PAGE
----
Background The determination of a preferred course of care presents patients with chronic disease, their carers and clinicians with difficult choices. Advance Care Plans (ACP) document patients wishes and goals of care so these are respected even when capacity is diminished. The bestCARE ACP pilot will initiate planning and provide compassionate support during the process in alignment with the Mission of St Vincent’s Melbourne (SVHM).
Aim To evaluate the use of ACPs and staff and patient understanding and attitudes to them in the SVHM dialysis unit prior to the implementation of the bestCARE ACP pilot program.
Methods An audit of ACP documents at SVHM was undertaken and dialysis staff and patient understanding and attitudes to ACPs were surveyed.
Results 43 patients had an ACP in the patient records for the period 2012–2014. Mean patient age was 70 and 28 (65%) were female. 28 (65%) of the plans were made by Jehovah’s Witnesses. No dialysis patients had an ACP. 31 staff and 20 patients were surveyed. Dialysis staff thought that ACPs were important and felt that lack of patient knowledge was a major problem. 70% of patients had no or little knowledge of ACPs but 80% thought they were important for care. Perceived benefits included ability to express wishes (84%) and reducing the burden for family (68%). 58% thought they should have an ACP.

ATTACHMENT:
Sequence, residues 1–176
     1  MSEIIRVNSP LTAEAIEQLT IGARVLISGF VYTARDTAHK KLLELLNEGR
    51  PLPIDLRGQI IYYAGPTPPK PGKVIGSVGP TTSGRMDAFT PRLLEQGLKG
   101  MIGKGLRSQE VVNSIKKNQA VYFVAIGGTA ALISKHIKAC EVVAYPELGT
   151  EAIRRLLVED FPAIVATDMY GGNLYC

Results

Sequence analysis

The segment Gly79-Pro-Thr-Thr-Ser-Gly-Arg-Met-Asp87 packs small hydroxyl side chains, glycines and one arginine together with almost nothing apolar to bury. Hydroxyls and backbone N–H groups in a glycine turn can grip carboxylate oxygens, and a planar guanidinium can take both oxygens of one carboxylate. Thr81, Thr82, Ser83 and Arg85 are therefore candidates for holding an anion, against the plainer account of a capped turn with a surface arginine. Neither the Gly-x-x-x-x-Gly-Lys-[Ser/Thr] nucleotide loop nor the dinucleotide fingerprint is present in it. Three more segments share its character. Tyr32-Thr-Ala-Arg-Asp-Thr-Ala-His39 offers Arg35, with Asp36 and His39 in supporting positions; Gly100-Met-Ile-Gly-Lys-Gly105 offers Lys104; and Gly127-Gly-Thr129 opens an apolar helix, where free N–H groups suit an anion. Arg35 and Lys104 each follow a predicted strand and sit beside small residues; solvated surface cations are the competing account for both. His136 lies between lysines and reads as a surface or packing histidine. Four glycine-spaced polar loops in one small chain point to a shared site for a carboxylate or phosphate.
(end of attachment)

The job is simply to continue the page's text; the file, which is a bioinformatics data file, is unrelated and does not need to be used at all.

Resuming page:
Discussion/conclusion Evaluation of Advance Care Plans pre implementation of the organisational ACP program demonstrated that plans were infrequently utilised and the majority relate to a specific patient group. Attitudes amongst staff and patients were largely positive but patient knowledge was poor.
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